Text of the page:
This event is shaping up to be one to remember. In addition to the numerous tool makers that will be present (and hats off to Lie-Nielsen for creating such a wonderfully convivial atmosphere among us toolmakers), several top furniture makers will be in attendance. Garrett Hack, Christian Becksvoort, Peter Follansbee and many more.
Oh, and don't forget the lobster bake. As native corn-country folk, this is something we don't want to miss.
See you there!
Tuesday, June 7, 2011
After some months of work the new website is up. It's largely cosmetic, so no real surprises. It is however updated in many ways and hopefully more user friendly. You probably noticed the blog has been redesigned as well. Hopefully its all easier to read, and easier to navigate.
The Gallery page has some new videos on it as well.
We've also added a dedicated Downloads page to make instructions and templates easy to find.
And don't forget to read our FAQ, where we thought it made sense to move the instructional videos.
Saturday, June 4, 2011
Last week I glued the small chest using Old Brown Glue. It's my first time using the stuff and I have to say I like it. One thing I don't care for is the smell however. When I warmed the glue in warm water then cracked open the lid, I had the same feeling when you start rooting through last night's leftovers first thing in the morning and mistakenly open the Tupperware of broccoli. To me it smells very little like hot hide glue. Not that I enjoy that odor, but its not off putting. In fact, when I do mix up a batch of hot glue I'm immediately taken back in time to some of the more intense sessions of luthiery work. It's an interesting sensation.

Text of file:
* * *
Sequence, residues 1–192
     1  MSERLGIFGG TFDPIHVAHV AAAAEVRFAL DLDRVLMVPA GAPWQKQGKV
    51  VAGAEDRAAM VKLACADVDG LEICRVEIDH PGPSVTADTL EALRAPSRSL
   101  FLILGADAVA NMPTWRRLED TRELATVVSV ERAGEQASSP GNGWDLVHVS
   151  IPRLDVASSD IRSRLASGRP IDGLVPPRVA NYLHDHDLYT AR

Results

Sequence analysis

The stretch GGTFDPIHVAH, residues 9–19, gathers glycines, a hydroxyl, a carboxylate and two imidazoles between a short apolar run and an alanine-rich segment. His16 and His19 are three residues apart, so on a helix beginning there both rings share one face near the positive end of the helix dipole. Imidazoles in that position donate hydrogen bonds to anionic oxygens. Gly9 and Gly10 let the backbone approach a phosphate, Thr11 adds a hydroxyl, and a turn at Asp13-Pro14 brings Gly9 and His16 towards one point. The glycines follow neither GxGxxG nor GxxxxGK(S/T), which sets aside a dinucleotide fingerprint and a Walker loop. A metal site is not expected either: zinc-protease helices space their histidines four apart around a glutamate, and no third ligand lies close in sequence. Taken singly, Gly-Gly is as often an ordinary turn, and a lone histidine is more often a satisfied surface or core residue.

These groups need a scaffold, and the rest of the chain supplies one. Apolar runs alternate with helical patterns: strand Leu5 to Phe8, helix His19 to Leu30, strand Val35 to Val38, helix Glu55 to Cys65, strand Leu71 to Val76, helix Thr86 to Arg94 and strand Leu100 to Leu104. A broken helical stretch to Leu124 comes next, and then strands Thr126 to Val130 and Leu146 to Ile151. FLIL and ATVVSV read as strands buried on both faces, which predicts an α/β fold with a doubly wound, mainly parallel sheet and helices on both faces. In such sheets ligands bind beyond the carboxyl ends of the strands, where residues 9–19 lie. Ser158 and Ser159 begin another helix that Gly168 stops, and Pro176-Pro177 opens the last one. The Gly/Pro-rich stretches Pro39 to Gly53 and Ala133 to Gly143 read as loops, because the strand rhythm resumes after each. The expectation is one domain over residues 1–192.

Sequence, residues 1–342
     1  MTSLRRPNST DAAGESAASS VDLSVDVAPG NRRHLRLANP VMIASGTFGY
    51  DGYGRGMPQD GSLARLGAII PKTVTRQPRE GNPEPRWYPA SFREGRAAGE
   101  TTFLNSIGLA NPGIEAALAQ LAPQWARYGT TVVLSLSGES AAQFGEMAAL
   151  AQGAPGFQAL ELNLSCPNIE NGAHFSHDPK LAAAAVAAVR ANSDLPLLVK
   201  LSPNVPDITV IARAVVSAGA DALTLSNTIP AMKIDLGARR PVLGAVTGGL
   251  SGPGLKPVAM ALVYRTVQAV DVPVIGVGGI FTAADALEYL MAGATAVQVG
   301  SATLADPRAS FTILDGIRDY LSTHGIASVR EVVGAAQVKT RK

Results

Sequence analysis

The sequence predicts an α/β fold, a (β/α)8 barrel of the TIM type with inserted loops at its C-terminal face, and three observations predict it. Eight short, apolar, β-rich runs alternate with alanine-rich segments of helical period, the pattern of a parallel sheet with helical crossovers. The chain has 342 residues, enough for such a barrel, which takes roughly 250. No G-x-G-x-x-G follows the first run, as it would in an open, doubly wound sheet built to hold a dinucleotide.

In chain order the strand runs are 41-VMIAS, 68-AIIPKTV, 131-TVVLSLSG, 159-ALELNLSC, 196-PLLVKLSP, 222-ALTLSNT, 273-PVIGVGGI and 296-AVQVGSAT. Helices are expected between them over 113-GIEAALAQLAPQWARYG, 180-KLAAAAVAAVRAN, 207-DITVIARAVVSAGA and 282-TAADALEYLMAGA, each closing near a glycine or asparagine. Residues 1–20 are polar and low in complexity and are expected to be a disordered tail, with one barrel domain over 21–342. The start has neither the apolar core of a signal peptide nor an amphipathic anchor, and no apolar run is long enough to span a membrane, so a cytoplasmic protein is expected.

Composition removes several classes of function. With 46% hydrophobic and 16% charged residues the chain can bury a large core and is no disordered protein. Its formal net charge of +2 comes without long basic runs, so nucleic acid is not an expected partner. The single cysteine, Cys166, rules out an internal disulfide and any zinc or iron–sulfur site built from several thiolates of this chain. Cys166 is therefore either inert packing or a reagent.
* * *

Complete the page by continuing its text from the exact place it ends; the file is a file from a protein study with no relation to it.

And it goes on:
Nevertheless, I'm probably going to move towards using this glue for all my furniture making. The main reasons are convenience and conservation. The longer open time of OBG is important for gluing certain long-assembly joints like the dovetails in this chest. Even yellow glue is too quick for my tastes in this case. Yellow glue does not stick to itself, making future repairs extremely difficult. Hide glue just needs to be rehydrated to reactivate it. One thing I noticed right away about OBG that I did not expect. Once it cools and starts to cure it gets super tacky just like hot hide. I love this feature, and it instills confidence. I never experienced this with Franklin's liquid hide glue, which I've used now and then.
After the glue cured (I let it sit overnight) I had the task of planing the joints flush. Planing large unsupported panels after assembly is always tricky. I did cut these dovetails so the joints were slightly proud, but I always find some long grain planing that needs to take place post-assembly. And that's where vibration comes into play. Not in the plane, but in the panel. There is also the issue of the panel flexing to concave under planing pressure and preventing the iron from engaging.
So I clamped the chest to the bench in the tail vise and inserted a wide board between the front and back of the chest. The board is just a tad longer than the inside width of the chest. The brace introduced a very slight convex bow to the outside of the panels, allowing my smoothing plane to ride the arch easily. No chance of the cut disengaging from the panel as it deflected away from the sole. The brace also prevented any vibration. It was as if I was working the panel directly on the bench top.
Sighting down the panel's edge the slight outward bow can be seen.
Once the corners were planed flush (the end panels were short enough not to need the brace trick) and the joints revealed, the accuracy of the Bridge City JMP became evident once again. I was simply blown away by the quality of the joints. Every one was dead on. No gaps. Simply put, the joints were as close to perfect as possible. If you're into that sort of thing (I like tight joints too, but I don't obsess about them), the JMP won't disappoint. All I did was make careful scribe lines (see that in the video in the previous "Personal Work" post) and then line up those scribe lines right the blade's edge on my zero-clearance tables on the JMP. That's it.